Which Nigerian musicians sang these money lyrics?

How Inflation Is Affecting Nigerian Business Owners

Regardless of age or social class, (almost) every Nigerian appears to be affected by the inflation rate, which rose by 16.82% year-on-year (YoY) in April 2022. 

Among the affected groups, small business owners seem to have it worse. Most of them don’t make as much as they used to, as their customers have less purchasing power and supplies are ridiculously expensive.

We spoke to some small business owners to know how affected they are by the current inflation. Here is what they had to say. 

“Every time I go to get my baking supplies, it seems the prices have tripled since the last time” —  Folake, Caterer 

I’m frustrated. Every time I visit the market to get my baking supplies, it seems the prices have tripled since the last time I came. And while increasing my prices to reflect this cost increase is the ideal step, I can’t do that because my customers will think I’m trying to exploit them. They often don’t understand I’m running at a loss when I sell pastries and cakes at my old, “fair” prices. 

“This is the worst year for my business” — Kola, Boutique Owner 

I really want to give up my clothing line, as this is the worst year for my business. The exchange rate has made clothes very expensive. For instance, there is a particular designer outfit that I used to sell for ₦90,000 in 2021 that now goes for ₦150,000. 

The price hike is just crazy, making customers reluctant to purchase the way they used to. I don’t blame them, though; the economy isn’t friendly to anyone. But I’m really tired because this is my only source of income. If it crashes, I don’t know what else to do.

“I live from hand to mouth as my profit margin is next to nothing” — Deborah, Supermarket Owner 

I sell foodstuff as a retailer, and I live from hand to mouth as my profit margin is almost next to nothing. Whenever I try to include a price that makes me profitable, customers act as if I’m trying to extort them. It’s exhausting, to be honest. Imagine a bag of beans selling for ₦100,000?! Who could have imagined that? I pray for things to get better because this isn’t sustainable.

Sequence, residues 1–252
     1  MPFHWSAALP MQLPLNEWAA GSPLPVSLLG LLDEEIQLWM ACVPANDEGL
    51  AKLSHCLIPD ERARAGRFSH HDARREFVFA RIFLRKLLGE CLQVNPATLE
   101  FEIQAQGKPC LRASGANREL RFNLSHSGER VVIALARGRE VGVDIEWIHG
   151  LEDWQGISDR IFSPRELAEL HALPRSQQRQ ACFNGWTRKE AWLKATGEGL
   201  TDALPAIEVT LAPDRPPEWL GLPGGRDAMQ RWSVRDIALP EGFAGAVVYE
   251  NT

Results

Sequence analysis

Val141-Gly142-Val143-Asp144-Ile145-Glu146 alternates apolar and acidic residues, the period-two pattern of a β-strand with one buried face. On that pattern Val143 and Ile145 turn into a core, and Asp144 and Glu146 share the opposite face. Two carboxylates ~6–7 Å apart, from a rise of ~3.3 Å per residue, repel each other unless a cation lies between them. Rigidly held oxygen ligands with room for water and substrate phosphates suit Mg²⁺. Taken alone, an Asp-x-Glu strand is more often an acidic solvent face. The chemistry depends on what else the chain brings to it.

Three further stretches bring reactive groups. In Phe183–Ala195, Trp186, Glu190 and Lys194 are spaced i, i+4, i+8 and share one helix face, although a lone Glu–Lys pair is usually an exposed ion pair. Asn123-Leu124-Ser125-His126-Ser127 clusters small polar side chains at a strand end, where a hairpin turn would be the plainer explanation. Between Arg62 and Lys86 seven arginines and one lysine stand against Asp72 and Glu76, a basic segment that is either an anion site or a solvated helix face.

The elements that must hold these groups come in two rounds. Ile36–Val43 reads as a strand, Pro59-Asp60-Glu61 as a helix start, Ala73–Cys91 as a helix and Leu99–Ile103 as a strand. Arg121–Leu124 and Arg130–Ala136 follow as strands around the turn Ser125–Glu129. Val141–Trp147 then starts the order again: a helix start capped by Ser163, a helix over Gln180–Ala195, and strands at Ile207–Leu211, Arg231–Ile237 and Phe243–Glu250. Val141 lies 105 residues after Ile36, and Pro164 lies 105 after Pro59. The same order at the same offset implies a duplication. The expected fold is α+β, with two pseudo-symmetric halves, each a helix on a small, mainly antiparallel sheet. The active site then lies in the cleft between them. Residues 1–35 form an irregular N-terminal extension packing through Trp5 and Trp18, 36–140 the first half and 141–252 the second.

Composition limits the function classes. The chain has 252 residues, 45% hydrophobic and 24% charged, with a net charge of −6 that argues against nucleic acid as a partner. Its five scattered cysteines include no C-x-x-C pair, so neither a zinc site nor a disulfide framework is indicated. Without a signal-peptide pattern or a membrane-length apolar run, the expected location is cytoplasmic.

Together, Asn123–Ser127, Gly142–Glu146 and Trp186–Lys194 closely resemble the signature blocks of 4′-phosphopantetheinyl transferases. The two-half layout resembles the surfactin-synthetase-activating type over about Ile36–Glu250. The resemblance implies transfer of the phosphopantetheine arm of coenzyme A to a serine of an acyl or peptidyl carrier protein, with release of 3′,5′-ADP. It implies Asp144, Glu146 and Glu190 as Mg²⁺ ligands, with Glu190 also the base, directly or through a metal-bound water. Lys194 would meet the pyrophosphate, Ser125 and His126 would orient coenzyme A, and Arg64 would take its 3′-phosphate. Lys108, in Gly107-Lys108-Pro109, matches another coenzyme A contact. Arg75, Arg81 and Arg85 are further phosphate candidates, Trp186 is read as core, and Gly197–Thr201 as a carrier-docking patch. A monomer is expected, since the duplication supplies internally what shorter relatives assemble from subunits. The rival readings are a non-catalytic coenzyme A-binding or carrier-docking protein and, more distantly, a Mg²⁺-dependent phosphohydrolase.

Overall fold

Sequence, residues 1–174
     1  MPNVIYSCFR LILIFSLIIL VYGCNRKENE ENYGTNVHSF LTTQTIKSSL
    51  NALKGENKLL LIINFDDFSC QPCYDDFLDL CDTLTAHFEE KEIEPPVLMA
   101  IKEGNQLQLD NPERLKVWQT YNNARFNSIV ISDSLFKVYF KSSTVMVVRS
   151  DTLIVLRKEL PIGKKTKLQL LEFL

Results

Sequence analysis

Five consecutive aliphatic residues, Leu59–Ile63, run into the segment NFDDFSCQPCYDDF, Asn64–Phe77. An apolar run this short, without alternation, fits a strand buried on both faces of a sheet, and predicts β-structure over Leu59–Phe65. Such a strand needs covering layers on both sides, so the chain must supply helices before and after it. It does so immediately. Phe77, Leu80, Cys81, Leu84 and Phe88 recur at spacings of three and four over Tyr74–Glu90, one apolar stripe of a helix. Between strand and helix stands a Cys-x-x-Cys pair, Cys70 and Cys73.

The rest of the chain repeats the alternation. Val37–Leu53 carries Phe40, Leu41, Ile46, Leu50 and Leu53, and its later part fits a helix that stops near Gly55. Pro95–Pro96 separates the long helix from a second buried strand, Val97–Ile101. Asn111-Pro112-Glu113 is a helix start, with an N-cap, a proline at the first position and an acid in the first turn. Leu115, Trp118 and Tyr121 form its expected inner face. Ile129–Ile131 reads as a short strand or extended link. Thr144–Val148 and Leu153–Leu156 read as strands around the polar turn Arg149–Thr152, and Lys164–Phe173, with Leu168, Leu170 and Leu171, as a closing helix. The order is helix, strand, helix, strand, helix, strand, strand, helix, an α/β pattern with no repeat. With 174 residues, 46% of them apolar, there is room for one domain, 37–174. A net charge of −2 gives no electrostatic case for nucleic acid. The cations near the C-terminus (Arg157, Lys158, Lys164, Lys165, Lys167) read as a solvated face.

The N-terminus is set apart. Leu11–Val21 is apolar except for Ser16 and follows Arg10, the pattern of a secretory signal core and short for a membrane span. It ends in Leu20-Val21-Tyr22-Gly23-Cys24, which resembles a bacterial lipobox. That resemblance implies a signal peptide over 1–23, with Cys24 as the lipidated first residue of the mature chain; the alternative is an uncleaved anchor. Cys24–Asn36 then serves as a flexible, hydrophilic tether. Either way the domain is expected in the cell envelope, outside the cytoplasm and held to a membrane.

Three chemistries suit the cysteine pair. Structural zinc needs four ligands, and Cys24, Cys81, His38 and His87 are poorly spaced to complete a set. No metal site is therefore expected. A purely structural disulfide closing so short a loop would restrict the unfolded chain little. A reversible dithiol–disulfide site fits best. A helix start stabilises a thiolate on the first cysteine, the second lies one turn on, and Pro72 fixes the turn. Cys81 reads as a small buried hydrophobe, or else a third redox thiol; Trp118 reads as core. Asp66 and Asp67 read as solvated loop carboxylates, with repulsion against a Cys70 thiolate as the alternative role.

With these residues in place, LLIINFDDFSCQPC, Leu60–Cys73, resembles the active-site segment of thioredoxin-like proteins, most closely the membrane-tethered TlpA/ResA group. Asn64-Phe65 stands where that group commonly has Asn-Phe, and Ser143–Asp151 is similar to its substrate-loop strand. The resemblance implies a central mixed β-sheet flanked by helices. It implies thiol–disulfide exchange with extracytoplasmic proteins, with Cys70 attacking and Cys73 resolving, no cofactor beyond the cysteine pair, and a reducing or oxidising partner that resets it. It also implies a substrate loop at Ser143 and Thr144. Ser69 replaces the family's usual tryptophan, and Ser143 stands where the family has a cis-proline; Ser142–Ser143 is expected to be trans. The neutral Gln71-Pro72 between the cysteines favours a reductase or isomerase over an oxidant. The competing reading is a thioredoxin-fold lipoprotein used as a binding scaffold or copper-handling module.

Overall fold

If you’re an entrepreneur with a similar experience to any of the above entrepreneurs, consider these tips:

  1. Stay flexible. With the global economic downturn expected to happen soon, you might want to consider increasing the prices of certain goods (particularly essentials) and save when you can. Remember, the inflation rate won’t always be this high, so stay flexible and make suitable adjustments. 
  2. Invest your returns. The constant surge in prices means a reduction in the purchasing power of your cash savings. For this reason, you need to consider investing your earnings. This doesn’t have to be a huge sum; it could be a bare minimum of cash in your account, depending on your capacity. 
  3. Maintain and expand your network of suppliers. The present inflation is fueled by supply chain disruption. As a result, you need to protect your business by frequently communicating with suppliers to have a sense of the products in highest demand and going as far as having a long-term contract that prevents price instability. This will save you time and cost in the future. 
  4. Think long-term. Inflation is temporary, but your business is forever. So keep thinking about the long-term vision of your business and taking steps to ensure the vision comes true. 
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